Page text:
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Determining the Energy Levels of a Particle in a Box Potential

In quantum physics, to be able to determine the energy levels of a particle in a box potential, you need an exact value for X(x) — not just one of the terms of the constants A and B. You have to use the boundary conditions to find A and B. What are the boundary conditions? The wave function must disappear at the boundaries of the box, so

  • X(0) = 0

  • X(Lx) = 0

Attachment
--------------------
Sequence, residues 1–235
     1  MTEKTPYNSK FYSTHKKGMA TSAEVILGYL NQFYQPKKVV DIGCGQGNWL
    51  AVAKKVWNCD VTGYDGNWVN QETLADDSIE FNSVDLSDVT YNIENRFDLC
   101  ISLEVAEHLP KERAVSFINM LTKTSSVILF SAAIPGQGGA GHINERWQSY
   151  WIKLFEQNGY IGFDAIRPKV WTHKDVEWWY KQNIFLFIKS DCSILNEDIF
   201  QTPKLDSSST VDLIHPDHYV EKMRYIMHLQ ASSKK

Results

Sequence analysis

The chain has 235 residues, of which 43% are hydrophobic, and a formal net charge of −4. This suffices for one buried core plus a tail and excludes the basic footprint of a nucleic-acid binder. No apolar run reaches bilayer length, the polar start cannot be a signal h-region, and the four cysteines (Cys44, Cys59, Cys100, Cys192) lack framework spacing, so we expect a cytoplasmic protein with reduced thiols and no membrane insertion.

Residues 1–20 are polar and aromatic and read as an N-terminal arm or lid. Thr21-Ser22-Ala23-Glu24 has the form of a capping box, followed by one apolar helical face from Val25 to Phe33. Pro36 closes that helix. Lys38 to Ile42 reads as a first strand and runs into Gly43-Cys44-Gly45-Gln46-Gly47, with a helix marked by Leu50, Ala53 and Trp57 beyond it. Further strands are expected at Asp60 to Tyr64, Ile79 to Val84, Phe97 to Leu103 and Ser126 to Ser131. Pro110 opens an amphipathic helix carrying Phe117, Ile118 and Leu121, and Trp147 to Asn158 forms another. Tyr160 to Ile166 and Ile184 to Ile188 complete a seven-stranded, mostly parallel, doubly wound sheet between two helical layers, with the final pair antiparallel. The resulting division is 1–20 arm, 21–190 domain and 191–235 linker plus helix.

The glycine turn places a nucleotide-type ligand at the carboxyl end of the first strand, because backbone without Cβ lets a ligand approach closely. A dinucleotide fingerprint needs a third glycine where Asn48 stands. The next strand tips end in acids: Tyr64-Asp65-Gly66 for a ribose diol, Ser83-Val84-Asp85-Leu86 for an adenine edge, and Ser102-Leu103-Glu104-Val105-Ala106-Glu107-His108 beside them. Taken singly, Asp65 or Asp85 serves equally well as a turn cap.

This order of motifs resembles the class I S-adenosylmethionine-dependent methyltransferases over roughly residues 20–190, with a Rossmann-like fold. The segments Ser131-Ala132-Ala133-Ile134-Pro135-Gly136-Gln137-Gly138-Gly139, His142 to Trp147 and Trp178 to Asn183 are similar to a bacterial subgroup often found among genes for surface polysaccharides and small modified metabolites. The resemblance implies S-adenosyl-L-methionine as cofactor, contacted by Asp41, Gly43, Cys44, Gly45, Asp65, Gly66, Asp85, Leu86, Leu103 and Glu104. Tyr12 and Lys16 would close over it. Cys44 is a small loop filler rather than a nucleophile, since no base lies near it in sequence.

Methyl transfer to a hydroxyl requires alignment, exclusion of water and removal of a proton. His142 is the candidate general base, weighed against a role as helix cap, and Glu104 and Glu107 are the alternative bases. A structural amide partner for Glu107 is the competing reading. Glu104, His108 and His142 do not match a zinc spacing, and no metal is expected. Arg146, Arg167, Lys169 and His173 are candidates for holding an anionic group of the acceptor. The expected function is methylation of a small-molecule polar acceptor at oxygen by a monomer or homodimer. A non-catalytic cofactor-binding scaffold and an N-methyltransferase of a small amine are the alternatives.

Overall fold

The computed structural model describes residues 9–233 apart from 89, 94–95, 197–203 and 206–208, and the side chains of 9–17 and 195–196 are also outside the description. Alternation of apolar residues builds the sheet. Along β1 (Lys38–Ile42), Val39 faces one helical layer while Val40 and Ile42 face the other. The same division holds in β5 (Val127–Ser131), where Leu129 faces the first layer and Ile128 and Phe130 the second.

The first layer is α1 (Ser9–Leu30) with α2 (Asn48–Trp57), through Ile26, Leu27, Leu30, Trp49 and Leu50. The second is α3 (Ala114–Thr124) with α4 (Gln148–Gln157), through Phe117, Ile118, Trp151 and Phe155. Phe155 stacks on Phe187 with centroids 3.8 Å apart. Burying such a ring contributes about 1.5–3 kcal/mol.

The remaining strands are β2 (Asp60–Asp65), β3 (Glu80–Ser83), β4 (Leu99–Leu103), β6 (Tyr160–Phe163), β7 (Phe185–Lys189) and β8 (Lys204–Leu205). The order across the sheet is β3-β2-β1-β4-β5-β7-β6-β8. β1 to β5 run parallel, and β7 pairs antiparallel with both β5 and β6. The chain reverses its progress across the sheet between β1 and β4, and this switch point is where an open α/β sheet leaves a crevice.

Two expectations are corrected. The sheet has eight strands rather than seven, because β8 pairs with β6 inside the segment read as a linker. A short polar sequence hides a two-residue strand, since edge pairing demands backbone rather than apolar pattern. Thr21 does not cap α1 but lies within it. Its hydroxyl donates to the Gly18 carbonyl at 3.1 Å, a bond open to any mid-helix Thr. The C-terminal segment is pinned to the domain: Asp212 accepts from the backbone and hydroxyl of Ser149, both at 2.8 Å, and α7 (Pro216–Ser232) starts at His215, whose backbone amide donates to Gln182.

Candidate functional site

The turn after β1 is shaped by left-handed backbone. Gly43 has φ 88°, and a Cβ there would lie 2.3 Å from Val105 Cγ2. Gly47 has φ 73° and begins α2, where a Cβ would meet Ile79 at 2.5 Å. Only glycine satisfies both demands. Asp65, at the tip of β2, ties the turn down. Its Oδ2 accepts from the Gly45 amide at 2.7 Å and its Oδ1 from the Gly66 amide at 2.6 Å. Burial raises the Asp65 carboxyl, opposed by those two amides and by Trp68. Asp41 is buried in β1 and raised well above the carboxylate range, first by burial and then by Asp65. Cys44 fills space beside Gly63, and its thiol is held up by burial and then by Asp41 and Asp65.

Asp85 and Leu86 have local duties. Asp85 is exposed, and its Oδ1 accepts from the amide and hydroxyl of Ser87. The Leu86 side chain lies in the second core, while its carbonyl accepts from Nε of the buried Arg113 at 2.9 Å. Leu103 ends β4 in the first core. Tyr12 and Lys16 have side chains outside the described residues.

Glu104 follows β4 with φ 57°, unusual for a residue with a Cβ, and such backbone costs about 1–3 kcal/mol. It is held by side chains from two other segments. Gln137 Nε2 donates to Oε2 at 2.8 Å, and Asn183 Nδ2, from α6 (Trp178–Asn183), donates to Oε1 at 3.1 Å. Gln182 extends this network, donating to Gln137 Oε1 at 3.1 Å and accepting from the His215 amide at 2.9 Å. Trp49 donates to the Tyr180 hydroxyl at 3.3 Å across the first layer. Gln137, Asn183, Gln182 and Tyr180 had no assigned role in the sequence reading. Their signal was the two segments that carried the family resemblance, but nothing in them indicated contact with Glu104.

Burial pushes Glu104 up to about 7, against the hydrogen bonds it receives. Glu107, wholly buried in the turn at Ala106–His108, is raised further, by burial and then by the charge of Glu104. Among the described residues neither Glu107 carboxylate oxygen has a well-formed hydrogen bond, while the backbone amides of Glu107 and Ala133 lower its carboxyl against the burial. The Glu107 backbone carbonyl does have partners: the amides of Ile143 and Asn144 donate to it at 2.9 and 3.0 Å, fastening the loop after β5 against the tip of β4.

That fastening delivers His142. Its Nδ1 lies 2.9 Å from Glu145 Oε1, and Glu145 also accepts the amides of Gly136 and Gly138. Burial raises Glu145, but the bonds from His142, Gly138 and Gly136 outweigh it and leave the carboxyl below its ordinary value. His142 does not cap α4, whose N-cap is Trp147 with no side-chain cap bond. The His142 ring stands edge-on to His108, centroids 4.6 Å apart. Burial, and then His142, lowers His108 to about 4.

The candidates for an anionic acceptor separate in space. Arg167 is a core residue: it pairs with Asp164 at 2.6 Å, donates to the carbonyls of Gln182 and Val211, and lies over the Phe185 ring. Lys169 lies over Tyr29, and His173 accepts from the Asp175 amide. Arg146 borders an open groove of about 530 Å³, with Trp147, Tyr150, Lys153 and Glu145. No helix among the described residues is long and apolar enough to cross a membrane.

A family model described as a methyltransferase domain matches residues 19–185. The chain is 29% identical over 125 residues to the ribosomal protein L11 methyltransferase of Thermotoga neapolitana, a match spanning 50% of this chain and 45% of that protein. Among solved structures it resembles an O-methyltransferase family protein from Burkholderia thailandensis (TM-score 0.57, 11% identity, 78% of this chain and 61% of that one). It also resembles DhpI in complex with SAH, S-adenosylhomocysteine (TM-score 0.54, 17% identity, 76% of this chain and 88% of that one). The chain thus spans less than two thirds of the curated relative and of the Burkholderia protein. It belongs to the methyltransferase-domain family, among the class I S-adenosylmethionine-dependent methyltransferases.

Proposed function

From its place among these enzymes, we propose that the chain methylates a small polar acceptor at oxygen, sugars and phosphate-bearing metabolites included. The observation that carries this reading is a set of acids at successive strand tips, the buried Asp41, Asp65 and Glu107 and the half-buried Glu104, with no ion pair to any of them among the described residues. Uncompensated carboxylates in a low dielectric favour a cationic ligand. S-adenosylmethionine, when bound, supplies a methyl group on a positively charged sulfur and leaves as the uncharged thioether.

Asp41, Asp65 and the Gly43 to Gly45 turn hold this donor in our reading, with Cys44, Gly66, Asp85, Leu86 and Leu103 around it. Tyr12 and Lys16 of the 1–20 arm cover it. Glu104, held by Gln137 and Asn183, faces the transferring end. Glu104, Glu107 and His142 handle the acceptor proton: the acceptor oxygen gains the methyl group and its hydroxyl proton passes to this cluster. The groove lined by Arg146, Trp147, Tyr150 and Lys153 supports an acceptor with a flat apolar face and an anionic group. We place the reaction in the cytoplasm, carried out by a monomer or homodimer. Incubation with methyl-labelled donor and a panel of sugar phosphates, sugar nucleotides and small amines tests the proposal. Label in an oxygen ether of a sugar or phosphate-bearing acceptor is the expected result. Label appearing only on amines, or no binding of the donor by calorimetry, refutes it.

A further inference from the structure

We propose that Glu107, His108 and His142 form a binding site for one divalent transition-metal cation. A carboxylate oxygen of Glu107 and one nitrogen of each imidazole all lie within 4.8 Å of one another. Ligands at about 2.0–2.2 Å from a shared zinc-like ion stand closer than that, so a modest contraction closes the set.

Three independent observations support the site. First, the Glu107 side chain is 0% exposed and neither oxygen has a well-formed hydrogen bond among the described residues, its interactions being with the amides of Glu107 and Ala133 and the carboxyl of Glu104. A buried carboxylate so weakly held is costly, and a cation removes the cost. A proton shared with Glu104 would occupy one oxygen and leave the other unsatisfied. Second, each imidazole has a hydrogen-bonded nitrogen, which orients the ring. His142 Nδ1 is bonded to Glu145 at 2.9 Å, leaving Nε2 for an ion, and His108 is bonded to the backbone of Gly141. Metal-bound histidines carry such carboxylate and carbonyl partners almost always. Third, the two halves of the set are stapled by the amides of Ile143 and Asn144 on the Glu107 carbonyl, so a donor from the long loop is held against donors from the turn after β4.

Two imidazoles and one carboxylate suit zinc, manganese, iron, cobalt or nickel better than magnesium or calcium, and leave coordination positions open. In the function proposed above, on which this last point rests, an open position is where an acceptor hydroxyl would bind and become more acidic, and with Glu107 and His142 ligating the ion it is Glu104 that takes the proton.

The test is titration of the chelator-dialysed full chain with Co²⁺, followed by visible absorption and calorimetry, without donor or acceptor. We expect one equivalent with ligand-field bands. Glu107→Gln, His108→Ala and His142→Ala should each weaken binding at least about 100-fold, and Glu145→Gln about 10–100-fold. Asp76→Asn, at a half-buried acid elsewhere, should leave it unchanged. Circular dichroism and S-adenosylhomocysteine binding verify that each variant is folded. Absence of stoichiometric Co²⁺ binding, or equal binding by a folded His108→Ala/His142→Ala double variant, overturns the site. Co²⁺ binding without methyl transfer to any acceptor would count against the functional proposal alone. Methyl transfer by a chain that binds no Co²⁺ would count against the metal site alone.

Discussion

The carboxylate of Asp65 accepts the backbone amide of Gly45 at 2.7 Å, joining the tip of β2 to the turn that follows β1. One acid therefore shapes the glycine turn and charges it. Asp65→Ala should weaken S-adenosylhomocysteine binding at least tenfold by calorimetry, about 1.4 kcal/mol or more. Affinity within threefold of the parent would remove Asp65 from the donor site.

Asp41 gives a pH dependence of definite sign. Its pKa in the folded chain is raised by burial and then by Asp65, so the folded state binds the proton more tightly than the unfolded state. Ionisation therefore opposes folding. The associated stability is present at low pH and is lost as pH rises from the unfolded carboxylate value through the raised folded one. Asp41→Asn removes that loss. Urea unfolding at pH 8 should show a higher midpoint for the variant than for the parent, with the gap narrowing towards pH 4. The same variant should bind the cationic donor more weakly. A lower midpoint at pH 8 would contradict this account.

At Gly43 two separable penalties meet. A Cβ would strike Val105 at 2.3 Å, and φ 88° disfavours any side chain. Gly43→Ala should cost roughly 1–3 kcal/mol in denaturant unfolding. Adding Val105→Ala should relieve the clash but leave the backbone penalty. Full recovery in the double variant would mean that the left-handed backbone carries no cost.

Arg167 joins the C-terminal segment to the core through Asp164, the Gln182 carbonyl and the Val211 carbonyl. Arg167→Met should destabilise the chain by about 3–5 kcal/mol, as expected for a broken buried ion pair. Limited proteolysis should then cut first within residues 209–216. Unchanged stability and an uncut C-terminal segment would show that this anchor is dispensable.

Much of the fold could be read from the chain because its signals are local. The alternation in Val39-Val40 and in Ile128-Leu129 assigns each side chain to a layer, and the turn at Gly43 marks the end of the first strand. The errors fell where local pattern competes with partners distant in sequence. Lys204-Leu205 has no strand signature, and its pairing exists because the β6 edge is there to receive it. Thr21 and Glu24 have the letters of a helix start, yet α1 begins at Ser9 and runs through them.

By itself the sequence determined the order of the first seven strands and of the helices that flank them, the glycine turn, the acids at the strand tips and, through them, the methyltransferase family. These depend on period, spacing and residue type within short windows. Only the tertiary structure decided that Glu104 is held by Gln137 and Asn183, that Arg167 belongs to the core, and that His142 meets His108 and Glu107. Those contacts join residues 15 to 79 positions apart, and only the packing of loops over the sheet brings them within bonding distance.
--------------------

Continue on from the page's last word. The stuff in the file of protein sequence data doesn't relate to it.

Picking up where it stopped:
So the fact that

image0.png

tells you right away that B must be 0, because cos(0) = 1. And the fact that X(Lx) = 0 tells you that X(Lx) = A sin(kxLx) = 0. Because the sine is 0 when its argument is a multiple of

image1.png

this means that

image2.png

And because

image3.png

it means that

image4.png

That's the energy in the x component of the wave function, corresponding to the quantum numbers 1, 2, 3, and so on. The total energy of a particle of mass m inside the box potential is E = Ex + Ey + Ez. Following

image5.png

you have this for Ey and Ez:

image6.png

So the total energy of the particle is E = Ex + Ey + Ez, which equals this:

image7.png

And there you have the total energy of a particle in the box potential.

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